A week after being hit with more than a dozen criminal charges and the prospect of more than a decade in prison, Allen Weisselberg, longtime chief financial officer of the Trump Organization, stepped down as chief executive of Donald trumpfrom the Scottish Golf Club. In a thursday deposit, the company mentionned that Weisselberg was no longer “a person with significant control” over Trump International Golf Club Scotland, which, according to Bloomberg, is “the first sign that Trump’s longtime CFO has stepped down after being indicted alongside the Trump Organization, “both of whom pleaded not guilty to the Manhattan District Attorney’s Office indictment of 15 counts Cyrus Vance Jr., which detailed how Weisselberg and his employer allegedly avoided taxes on benefits worth $ 1.76 million, including an apartment, cars and tuition at a private school.
At the moment, it’s unclear what Weisselberg’s resignation means in terms of Trump’s chances of not getting out of prison. Is the company trying to distance itself from Weisselberg and set the stage to claim that he acted alone? In view of Trump long the story to pretend not to know people who could get him in serious trouble, it is quite possible! Is Weisselberg preparing to retire from the company and denounce his former boss? This could obviously also be the case. The news might also have nothing to do with the recent charges against Weisselberg and the company, although it seems somewhat unlikely.
Either way, if Trump is generally not concerned at the moment, he certainly should be. Prosecutors have been working for months to tip Weisselberg, and although he has so far remained loyal to the ex-president, there is no such thing as the possibility of many years in prison to bring a person to rethink his situation. As a former federal prosecutor Cynthia alksne Told MSNBC earlier this week, “The jury will hate [Weisselberg]. It’s not going to have a jury of people going to MAGA rallies, it’s going to have a cross section of people who live in Manhattan, who pay taxes in Manhattan, who don’t get free Mercedes, who don’t have anyone else. ‘other to pay for their children’s education and not have tax consequences for it. So I think he’s going to be a much hated defendant, Mr. Weisselberg, and I’m sure his lawyers have told him that. The former US prosecutor also weighed on the financial director’s situation. Preet Bharara, who tweeted, “I am optimistic that he will be doomed. The law is pretty clear on what is income and what is taxable. It is a sophisticated setting; the error is implausible. The company recorded much of it as income. And juries hate wealthy tax evaders.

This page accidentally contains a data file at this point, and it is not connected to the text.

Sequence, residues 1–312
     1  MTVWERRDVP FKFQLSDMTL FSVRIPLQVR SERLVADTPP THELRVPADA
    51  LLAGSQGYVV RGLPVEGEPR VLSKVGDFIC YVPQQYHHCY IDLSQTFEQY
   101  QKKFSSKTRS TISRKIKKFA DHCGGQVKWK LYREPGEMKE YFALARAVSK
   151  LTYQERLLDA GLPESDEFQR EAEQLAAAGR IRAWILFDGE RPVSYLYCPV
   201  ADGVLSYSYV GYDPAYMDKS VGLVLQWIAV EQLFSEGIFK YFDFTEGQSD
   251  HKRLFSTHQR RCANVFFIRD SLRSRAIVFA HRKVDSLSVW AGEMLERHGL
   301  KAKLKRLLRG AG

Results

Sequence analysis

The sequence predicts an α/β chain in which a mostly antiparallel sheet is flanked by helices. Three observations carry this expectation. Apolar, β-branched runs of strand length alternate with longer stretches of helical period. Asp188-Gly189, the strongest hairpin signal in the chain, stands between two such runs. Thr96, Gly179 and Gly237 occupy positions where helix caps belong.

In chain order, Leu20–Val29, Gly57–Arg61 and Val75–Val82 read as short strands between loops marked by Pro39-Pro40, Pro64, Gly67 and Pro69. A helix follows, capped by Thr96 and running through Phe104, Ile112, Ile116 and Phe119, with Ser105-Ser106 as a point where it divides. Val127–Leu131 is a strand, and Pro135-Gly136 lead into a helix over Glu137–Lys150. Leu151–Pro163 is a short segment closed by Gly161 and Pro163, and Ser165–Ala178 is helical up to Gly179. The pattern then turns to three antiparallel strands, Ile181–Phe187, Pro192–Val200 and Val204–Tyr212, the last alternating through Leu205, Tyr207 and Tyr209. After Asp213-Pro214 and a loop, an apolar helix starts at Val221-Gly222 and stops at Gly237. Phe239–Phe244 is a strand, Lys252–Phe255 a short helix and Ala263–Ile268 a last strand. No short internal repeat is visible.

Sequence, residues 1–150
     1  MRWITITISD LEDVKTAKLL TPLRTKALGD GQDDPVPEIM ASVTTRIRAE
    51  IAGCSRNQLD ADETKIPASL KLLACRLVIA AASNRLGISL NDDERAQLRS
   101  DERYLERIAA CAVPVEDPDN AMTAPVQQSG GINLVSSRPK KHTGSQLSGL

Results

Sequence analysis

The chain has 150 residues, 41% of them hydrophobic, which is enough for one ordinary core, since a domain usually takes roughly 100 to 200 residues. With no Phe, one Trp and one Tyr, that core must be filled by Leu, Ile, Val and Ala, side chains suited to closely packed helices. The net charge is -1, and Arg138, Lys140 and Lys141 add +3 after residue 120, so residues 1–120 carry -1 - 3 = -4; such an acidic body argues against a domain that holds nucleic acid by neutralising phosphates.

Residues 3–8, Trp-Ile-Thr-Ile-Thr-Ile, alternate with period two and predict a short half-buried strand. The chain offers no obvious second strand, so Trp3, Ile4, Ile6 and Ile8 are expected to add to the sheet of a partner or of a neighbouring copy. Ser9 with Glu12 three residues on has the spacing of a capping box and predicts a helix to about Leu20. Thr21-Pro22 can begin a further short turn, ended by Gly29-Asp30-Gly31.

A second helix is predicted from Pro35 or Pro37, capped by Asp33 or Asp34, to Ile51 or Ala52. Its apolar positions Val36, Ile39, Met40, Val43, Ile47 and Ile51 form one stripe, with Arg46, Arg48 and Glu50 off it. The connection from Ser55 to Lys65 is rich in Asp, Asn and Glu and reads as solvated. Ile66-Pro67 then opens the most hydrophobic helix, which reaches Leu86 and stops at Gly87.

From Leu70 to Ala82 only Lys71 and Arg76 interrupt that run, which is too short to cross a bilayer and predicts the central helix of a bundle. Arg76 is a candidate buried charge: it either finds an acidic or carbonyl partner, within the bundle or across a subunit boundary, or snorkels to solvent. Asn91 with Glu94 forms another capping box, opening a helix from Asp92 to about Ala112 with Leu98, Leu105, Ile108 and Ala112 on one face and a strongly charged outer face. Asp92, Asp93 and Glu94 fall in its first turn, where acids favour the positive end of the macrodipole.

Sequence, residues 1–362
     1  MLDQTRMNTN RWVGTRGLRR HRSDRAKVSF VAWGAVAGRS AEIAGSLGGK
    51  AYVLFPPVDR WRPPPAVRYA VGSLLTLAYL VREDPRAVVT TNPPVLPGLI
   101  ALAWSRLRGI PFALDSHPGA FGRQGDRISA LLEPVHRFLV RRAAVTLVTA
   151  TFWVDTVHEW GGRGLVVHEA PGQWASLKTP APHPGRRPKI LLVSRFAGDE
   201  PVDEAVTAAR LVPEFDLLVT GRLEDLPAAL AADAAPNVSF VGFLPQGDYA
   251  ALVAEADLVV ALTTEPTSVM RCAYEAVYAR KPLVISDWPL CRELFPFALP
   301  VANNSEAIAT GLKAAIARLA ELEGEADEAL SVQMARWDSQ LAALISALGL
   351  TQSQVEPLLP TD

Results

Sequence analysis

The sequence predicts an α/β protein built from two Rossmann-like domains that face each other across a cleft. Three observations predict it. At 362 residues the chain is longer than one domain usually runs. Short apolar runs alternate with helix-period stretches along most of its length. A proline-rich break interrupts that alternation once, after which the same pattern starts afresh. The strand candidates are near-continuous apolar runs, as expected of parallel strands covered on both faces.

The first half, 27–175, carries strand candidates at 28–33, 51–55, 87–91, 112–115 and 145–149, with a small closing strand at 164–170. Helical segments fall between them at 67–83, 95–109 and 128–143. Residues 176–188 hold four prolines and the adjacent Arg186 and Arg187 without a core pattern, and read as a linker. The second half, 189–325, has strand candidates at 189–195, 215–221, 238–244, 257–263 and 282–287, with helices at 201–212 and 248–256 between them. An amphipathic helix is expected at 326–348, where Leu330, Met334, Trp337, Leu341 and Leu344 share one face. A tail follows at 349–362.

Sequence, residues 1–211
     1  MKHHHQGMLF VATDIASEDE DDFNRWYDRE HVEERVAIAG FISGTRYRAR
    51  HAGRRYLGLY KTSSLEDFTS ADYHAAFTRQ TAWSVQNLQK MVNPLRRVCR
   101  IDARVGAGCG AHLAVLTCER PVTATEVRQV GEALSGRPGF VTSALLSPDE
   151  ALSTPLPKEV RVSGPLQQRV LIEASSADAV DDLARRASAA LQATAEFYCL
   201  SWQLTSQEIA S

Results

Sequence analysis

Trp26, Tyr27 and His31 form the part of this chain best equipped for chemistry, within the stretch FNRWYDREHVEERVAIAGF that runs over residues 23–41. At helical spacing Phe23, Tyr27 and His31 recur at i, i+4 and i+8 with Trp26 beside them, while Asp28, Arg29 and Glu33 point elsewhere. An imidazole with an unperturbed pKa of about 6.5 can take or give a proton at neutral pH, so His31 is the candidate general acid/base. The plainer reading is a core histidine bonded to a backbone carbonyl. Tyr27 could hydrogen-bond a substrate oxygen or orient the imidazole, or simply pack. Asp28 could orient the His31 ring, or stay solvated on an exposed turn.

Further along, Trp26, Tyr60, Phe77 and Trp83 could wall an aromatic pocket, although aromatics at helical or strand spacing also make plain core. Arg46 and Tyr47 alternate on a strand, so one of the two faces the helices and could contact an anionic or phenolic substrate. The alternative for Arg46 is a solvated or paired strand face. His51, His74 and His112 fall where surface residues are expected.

All of this leaves Trump in a worrisome situation if there is any fear of spending his twilight years behind bars. After the indictment was unveiled, Bloomberg noted that Weisselberg’s cooperation “could lead to a broader case against the company and raise the prospect of a historic and politically charged prosecution of a former president.” With a trial unlikely before next year, the CFO will have months to decide whether to fight the charges or plead guilty and possibly strike a deal with prosecutors. A Trump executive for four decades, Weisselberg has a unique insight into the former president’s finances and trade deals.
In other words, he knows where all the bodies are buried (and has basically pointed this out in the past, describing himself as Trump’s “eyes and ears” in the business). Like her ex-daughter-in-law Jennifer Weisselberg, who reportedly handed over numerous boxes of financial documents to prosecutors this spring, said in April: “Trump doesn’t care about Allen, but Allen knows all the bad things he’s done.” And while Weisselberg remains loyal, some people think the government will still have a case against Trump:
Michael Avenatti will have plenty of time to think about what he’s been up to
The old one Stormy Daniels lawyer who once considered running for president before being arrested and charged with attempting to extort more than $ 20 million from Nike Inc., and separately accused of embezzling a customer’s money and defrauding a bank, was sentenced to 30 months in prison. Through the the Wall Street newspaper: